Think about your last race or long training run. Recall some of the discomfort you faced, and try to identify the cause. Highlight some of the issues that were within your control. Be specific about what happened, and identify specific and detailed actions that you will take. Use this self-reflection to be better prepared for next time.

What happened? (Example: During my last 50K race, I had a lot of issues with my nutrition plan. I got nauseous during the second half of the race and had a hard time continuing to take in fluids and calories. I just stopped eating and drinking and I ended up bonking, eventually being reduced to a slow walk over the last several miles.)

Why did it happen? (Example: I didn’t practice nutrition very often in my long training runs so I didn’t quite know what to expect in the race. I also forgot to pack my hydration mix and just ended up using what the race had at aid stations. I had never tried the brand before and it didn’t sit well in my stomach.)

How can you do better in the future? (Example: Practice different kinds of fueling strategies during long runs to see what works and what doesn’t work. Based on that feedback, make a nutrition strategy and stick to it. Also, I need to accept that some stomach discomfort is possible and that I need to continue to eat and drink even if I don’t want to.)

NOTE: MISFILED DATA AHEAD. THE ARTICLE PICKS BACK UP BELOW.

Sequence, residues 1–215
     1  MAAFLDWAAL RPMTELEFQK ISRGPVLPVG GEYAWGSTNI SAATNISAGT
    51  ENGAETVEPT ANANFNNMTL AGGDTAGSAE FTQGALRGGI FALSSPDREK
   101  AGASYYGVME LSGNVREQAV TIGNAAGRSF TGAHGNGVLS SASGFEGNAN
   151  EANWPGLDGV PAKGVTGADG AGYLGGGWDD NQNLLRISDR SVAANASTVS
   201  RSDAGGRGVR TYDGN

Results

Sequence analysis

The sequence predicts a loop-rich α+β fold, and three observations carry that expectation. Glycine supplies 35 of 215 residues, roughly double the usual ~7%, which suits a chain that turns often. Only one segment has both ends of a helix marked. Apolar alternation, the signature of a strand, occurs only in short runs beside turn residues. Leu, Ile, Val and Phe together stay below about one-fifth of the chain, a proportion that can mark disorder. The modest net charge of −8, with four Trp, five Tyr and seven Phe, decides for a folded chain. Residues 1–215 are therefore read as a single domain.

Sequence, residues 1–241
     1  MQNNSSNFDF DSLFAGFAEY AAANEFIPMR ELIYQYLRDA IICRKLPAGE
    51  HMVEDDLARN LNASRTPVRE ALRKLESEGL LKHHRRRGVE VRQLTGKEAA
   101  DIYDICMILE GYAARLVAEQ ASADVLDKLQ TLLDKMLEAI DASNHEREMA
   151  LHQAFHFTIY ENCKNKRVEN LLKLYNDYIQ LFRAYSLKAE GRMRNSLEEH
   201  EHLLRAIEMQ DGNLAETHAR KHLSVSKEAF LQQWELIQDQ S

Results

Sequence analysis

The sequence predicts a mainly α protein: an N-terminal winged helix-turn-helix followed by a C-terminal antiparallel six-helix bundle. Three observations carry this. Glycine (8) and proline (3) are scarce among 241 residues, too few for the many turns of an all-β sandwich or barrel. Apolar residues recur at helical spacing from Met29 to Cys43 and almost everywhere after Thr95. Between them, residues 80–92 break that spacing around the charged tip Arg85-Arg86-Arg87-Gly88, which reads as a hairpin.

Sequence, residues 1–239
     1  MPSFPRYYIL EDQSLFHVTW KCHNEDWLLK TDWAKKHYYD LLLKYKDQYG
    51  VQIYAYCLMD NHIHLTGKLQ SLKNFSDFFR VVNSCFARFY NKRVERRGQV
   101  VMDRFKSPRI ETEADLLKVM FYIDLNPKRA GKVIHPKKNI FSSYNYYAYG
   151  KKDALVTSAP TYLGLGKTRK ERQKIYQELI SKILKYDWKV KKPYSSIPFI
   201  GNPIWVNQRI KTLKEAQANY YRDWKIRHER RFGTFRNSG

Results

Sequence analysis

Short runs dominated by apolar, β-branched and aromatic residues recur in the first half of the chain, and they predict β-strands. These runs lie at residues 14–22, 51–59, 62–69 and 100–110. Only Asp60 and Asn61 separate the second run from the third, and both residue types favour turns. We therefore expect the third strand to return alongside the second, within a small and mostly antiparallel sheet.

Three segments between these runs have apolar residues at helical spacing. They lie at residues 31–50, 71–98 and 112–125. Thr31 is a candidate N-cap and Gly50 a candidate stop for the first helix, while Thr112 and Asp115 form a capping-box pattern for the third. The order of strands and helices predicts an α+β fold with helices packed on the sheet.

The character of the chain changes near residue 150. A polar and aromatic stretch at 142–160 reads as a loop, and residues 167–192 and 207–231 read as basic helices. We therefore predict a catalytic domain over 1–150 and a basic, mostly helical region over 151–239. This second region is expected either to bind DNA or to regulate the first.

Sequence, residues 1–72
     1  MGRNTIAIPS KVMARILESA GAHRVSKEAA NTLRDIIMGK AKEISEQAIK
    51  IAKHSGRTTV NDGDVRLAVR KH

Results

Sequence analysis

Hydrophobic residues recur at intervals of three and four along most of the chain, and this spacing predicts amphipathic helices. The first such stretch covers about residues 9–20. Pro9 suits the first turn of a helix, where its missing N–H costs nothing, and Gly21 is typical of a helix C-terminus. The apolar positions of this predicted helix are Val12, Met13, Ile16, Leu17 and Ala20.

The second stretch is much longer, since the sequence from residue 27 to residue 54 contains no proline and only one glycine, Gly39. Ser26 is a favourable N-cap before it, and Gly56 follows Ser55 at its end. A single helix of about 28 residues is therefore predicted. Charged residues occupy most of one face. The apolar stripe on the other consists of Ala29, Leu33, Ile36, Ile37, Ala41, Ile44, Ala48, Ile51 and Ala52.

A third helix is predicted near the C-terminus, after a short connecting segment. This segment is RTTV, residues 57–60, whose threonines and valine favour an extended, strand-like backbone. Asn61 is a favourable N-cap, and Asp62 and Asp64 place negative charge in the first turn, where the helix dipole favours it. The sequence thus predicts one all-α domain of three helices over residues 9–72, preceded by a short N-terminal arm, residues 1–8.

5. The Art of Running Faster by Julian Goater and Don Melvin

A short excerpt from the book below:

Tip 1: Run tall and relaxed . if your posture is poor, if you’re tense, or if your chest and shoulders are taut, your breathing will be constricted . Keep your shoulders relaxed, loose, and flexible to allow your chest to expand

Tip 2: To put on a burst of speed, maybe even uphill, and leave a rival hurting in your wake, shorten your stride and put yourself in a lower gear—but pull more quickly with your arms to increase your cadence, using the extra power of the lower gear for quick acceleration . Then change up to a bigger gear—and you’re away!

Tip 3: More than anything else, you need variety in your training . Add as many strings to your bow as possible—not just stamina, but speed, strength, suppleness and mental toughness . it’s that combination of weapons that will help you race better and finish ahead of one-trick ponies . Train differently almost every time out . Vary the speed, the distance, the terrain and the pattern of your sessions . By mixing in hills and fartleks, all manner of speed sessions, longer runs and short recovery runs you can progress on many fronts at once . This is the key to making dramatic improvement and discovering what you are really capable of .

6. Faster Road Racing – 5K to Half Marathon, by Pete Pfitzinger and Philip Latter

A short excerpt from the book below:

The hard/easy principle

To improve your running performance, you need to correctly balance training and recovery so your body can positively adapt. This is achieved by using the hard/easy principle, which is simply following hard training with easier training for recovery.